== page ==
Computer Use: Handwriting can be difficult for many children on the autism spectrum. If your child can type faster than he or she can write, it may be a good idea to have your child use a computer to take notes and to complete written assignments. Additionally, computers can be good for organizing materials. Rather than have a folder with handouts, handouts can be emailed to your child or downloaded from a central site, and your child can store them on a computer. A teacher or parent may need to assist the child in coming up with a good organization system for the computer.
Extra Time: Students on the autism spectrum may need longer to accomplish certain tasks than their typically developing peers need. For example, extra time may be provided to take tests or quizzes, to turn in homework and/or projects, or even to get to and from class. Some students on the autism spectrum are dismissed from each class a few minutes early so they can navigate the hallways when they are not so congested. The benefits of early dismissal need to be weighed against the loss of time in the classroom – particularly if the teacher tends to make or explain assignments at the end of class. If it is determined that extra time between classes is needed, an accommodation can be made for how the student is assigned homework (for example, by receiving a sheet that explains the assignment in detail and providing some other time in the day for the student to ask for clarification).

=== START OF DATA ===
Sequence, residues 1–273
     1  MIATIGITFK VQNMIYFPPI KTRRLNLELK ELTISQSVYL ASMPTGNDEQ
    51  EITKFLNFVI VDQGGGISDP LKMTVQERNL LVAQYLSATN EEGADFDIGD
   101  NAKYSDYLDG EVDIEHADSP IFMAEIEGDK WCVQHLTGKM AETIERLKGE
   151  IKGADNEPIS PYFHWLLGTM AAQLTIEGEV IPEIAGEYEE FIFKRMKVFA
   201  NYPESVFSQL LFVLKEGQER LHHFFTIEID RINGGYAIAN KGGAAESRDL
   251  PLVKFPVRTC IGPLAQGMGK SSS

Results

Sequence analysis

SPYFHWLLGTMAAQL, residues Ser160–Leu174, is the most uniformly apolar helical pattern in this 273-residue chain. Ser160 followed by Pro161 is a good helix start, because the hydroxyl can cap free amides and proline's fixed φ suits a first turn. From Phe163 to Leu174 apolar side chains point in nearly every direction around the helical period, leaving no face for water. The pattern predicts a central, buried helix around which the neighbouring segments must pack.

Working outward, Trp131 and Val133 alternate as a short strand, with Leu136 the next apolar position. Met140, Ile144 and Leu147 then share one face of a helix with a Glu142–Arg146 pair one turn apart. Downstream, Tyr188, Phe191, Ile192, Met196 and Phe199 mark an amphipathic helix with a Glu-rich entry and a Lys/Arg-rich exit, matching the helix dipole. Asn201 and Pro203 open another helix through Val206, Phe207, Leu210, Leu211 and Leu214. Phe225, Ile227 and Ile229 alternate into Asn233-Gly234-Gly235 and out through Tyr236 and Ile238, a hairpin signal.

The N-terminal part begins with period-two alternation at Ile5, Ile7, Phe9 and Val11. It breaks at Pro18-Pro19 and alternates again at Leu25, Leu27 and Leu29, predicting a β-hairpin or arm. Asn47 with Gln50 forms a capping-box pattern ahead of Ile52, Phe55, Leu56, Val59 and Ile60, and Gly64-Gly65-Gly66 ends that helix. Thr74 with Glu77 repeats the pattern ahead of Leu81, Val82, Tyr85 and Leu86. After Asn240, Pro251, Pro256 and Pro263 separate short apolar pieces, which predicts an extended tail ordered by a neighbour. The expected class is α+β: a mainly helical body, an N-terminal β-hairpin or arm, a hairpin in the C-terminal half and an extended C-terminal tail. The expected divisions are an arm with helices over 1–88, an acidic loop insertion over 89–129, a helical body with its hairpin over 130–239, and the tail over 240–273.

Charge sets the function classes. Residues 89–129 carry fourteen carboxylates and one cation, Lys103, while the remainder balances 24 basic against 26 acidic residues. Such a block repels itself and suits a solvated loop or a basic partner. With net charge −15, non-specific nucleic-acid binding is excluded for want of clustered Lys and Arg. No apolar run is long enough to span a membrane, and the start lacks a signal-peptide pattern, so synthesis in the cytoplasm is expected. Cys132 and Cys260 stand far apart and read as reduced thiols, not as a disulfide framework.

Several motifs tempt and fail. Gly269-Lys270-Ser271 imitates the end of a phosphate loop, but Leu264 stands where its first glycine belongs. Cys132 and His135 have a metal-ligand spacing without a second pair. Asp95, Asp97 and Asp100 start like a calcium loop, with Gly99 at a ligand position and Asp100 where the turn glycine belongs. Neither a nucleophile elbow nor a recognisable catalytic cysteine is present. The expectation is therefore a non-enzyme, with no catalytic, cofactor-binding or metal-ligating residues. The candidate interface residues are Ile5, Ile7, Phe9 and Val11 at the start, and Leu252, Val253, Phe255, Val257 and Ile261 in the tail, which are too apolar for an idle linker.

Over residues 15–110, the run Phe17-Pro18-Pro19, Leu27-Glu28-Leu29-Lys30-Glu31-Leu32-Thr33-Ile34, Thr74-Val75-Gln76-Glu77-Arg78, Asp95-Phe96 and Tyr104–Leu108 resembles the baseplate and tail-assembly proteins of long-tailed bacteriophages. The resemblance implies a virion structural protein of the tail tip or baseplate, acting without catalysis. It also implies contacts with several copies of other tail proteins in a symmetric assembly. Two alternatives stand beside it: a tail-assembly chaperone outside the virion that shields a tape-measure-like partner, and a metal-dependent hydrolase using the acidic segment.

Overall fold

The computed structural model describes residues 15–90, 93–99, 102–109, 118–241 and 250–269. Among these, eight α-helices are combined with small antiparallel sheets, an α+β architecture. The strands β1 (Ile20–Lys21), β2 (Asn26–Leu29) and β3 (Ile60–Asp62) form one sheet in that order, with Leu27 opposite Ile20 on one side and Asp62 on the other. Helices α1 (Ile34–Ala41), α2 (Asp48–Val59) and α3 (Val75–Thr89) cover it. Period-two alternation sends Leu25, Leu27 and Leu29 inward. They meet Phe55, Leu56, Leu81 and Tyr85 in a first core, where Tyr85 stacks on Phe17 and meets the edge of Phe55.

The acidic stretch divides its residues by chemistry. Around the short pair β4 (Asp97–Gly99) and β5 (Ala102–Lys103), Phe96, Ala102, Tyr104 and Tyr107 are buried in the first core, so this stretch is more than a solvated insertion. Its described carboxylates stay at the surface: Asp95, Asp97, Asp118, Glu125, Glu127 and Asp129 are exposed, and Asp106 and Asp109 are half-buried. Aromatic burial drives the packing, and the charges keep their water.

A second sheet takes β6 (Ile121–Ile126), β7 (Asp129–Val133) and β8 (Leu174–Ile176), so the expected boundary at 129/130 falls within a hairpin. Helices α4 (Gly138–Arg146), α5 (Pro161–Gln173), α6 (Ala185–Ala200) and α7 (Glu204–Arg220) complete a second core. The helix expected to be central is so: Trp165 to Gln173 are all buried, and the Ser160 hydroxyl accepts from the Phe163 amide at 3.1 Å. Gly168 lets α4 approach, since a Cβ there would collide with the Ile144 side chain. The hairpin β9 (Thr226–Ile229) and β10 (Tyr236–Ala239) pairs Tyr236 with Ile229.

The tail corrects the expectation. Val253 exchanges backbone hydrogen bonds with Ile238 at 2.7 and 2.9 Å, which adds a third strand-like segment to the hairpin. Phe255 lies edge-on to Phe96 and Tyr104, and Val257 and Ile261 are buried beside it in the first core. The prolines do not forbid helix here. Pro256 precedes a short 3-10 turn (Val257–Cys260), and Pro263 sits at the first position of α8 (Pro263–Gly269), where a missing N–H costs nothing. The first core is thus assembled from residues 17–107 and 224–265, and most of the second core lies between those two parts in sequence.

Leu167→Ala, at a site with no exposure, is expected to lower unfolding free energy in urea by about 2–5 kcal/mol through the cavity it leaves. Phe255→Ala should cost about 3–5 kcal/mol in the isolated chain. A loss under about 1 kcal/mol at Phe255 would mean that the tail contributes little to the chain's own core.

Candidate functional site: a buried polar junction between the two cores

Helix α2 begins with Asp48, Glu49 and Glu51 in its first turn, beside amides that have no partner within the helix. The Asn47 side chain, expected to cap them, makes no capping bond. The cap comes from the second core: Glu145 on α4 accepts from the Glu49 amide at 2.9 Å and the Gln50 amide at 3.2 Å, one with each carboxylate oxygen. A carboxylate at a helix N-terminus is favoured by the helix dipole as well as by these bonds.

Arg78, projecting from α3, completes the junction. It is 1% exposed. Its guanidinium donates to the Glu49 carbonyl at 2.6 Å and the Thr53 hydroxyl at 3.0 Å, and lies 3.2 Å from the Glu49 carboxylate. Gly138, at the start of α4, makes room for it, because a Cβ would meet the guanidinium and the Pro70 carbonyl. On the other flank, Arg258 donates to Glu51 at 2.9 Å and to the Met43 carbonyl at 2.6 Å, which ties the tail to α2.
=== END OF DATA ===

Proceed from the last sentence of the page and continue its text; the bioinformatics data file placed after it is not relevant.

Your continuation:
Organizational Support: Students on the spectrum can confront a number of organizational challenges at school. These can relate to losing or forgetting things (such as losing homework or papers, forgetting to turn things in, not knowing what homework is assigned, coming to class without needed books or supplies, and forgetting permission slips, lunch money, or gym clothes). Organizational challenges may also relate to organization of thought (as required in writing a paper or figuring out order of operations in a math problem). Checklists, folder systems, color-coded class materials, daily binder checks, assignment notebooks, visual prompts, electronic reminders, and graphic organizers can be used to help, if the student is taught how to use them. Don’t try too many new systems at once, however, as this can be overwhelming. Give time for a new system to be learned and become routine before evaluating its effectiveness and trying a new strategy.